February 20, 2005

Text - the manifesto

The Text catalogue arrives back from the Italian printers this week, care of a fine design by Alan Ward (Axis Design). A few thoughts on the book, written before Christmas last year:

It separates itself from the world 'phenomenologically' - the cover represents the world outside with its Manchester street scene. The whole text is in inverted commas. But of course this isn’t possible, once inside layers of symbols, text and reference accrue again. The first being that it is modeled on another text - John Cage’s The Future of Music: Credo (from Silence). This was partially because the Text needs a manifesto now as contemporary music did then. Having decided to replicate Cage’s structure some time after having read it, I returned to re-read and discover he had done what everyone who has ever written a manifesto does: he attacks the current state of things, points out the direction that new things are (likely) going and waxes lyrical as to why that will be better. But the final future is actually only a humanistic principle, the manifesto can’t prefigure itself, its promised future. The Text book reiterates the questions of the festival:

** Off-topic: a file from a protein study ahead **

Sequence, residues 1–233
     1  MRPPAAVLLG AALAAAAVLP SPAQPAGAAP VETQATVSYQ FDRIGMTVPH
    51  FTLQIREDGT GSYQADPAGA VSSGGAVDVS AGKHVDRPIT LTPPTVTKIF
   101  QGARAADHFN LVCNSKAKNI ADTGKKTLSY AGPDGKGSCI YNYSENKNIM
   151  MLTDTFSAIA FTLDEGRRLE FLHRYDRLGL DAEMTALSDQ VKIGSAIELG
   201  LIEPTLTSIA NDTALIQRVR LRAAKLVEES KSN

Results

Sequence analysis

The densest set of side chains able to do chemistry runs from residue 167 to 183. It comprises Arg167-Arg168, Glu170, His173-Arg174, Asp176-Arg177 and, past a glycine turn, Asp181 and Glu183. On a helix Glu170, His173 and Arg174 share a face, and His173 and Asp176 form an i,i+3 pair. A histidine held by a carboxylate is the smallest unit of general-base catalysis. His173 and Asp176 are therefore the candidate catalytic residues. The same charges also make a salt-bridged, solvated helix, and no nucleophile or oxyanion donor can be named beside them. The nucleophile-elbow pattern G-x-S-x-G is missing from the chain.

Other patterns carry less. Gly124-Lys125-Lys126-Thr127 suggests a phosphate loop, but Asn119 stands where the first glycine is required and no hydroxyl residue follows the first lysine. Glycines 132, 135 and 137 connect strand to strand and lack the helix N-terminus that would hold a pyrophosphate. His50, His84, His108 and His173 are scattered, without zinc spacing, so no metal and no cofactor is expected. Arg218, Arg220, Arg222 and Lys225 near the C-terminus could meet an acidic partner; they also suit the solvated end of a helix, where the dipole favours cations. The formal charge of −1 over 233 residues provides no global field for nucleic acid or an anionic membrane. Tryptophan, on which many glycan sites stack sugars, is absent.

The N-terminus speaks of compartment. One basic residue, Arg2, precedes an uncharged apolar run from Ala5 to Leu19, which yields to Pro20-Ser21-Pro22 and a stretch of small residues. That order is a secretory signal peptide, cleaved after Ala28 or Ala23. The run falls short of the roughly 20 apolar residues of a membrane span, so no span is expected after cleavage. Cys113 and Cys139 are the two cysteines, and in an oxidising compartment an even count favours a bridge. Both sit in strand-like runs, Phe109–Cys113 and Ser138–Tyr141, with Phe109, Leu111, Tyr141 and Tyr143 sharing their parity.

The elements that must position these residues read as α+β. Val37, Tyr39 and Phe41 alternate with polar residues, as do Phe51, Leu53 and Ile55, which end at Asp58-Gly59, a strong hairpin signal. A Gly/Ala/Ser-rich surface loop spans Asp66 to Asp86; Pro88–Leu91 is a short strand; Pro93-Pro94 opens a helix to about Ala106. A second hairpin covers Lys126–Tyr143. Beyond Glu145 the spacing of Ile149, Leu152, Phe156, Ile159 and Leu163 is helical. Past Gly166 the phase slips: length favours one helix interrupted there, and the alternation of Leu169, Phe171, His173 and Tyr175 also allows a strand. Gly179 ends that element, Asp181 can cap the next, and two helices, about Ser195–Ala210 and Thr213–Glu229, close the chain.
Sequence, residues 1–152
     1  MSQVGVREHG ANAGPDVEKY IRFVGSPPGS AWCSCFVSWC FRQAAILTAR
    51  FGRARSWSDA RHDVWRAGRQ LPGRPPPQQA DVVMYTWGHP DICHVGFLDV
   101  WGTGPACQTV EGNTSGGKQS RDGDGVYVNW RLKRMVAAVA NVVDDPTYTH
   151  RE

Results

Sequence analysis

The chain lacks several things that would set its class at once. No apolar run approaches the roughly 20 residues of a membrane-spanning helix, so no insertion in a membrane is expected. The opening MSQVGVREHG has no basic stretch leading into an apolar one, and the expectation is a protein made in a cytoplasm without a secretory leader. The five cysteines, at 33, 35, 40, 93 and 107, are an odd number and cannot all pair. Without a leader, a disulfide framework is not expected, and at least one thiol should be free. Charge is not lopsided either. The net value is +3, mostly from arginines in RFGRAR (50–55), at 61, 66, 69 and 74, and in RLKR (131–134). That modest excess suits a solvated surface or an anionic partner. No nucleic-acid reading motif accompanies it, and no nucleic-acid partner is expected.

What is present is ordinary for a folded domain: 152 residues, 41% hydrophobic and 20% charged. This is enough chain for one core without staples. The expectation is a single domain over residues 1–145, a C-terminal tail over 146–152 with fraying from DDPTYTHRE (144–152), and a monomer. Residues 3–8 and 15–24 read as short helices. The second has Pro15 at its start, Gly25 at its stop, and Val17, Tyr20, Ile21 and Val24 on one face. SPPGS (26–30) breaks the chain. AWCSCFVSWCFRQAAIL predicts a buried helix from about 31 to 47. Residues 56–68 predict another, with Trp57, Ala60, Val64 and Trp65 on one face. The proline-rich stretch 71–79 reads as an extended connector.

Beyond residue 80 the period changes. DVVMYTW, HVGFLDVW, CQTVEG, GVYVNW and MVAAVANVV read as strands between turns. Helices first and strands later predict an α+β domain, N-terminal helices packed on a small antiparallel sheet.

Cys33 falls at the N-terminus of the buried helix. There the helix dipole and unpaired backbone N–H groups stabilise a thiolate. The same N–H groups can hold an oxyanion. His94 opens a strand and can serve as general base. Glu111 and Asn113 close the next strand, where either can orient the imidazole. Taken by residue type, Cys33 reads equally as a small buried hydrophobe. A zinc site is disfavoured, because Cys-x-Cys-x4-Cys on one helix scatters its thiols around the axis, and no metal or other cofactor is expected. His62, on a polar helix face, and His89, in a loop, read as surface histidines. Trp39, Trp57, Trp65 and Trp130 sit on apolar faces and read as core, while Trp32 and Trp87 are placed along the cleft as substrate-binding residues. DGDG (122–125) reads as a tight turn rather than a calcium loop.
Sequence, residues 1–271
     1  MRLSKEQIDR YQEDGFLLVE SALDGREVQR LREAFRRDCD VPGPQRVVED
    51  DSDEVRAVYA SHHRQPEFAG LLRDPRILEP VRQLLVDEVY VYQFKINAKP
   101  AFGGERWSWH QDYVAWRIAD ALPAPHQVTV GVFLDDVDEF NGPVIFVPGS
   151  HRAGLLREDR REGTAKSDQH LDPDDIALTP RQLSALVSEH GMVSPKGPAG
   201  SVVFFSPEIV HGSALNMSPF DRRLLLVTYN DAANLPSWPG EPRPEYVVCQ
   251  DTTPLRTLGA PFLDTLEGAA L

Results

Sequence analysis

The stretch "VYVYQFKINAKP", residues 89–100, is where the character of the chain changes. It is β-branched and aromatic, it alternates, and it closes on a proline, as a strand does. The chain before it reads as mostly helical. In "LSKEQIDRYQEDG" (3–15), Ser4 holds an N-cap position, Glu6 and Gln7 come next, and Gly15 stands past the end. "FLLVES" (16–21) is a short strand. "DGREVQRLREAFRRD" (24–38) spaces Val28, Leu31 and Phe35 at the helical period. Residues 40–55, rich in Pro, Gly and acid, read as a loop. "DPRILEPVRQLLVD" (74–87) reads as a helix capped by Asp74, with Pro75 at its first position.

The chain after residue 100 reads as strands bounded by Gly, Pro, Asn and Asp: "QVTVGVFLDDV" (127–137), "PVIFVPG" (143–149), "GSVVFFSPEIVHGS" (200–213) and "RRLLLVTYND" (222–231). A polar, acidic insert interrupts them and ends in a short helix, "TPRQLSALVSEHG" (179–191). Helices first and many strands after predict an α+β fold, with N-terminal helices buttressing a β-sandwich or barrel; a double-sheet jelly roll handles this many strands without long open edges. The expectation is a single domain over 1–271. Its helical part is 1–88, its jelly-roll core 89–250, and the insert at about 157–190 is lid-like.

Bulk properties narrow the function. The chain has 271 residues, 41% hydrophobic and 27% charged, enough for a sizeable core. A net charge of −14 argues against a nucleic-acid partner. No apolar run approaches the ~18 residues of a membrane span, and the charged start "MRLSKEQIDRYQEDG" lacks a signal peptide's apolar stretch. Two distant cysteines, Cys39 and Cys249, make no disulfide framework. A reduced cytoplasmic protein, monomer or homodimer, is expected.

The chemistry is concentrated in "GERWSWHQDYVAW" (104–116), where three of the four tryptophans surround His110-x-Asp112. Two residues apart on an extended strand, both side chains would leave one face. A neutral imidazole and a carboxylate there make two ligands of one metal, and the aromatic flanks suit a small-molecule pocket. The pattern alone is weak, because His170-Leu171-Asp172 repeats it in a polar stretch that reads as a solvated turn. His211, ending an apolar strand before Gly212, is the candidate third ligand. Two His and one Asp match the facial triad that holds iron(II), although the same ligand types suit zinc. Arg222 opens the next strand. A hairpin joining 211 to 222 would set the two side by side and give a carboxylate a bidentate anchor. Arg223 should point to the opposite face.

From advertising to road signs, from global
branding to digital communications, text
forms the visual and linguistic background
to everyone’s existence.
Once poets were seen as developers of
language and ideas, the creators of new
ways of thinking and expressing, but now
they are seen as irrelevant; condemned
as copy-writers, radio clowns or curriculum support.
When written word and sign consumes and
clutters virtually every environment, how
can poets and text artists create new
meaning with language? What are the
innovations and devices that can progress
the tradition of poetic innovation?

The analysis of the current bankruptcy of the mainstream is implicit in the question. So what are the elements of the future? In the catalogue, as in the contextual first exhibition opening on 19 March, I identify 5 text practices common to linguistically innovative art: Parataxis, Intertextuality, materiality, spatialisation, and restricted languages (ie process/system writing).

So far, no-one has proposed a sixth element in this Glass Bead Game; although I have had a criticism that it is too American in its source referencing. This is partially true because Official Verse Culture has done such a good job at atomizing the alternative in Britain, but it does miss the comparisons with French/German OULIPO which offers another possibility ignored in these shores.

As with all manifestos, ultimately it will be a futile gesture but it is having a vision of a better future that brings it about.

No comments: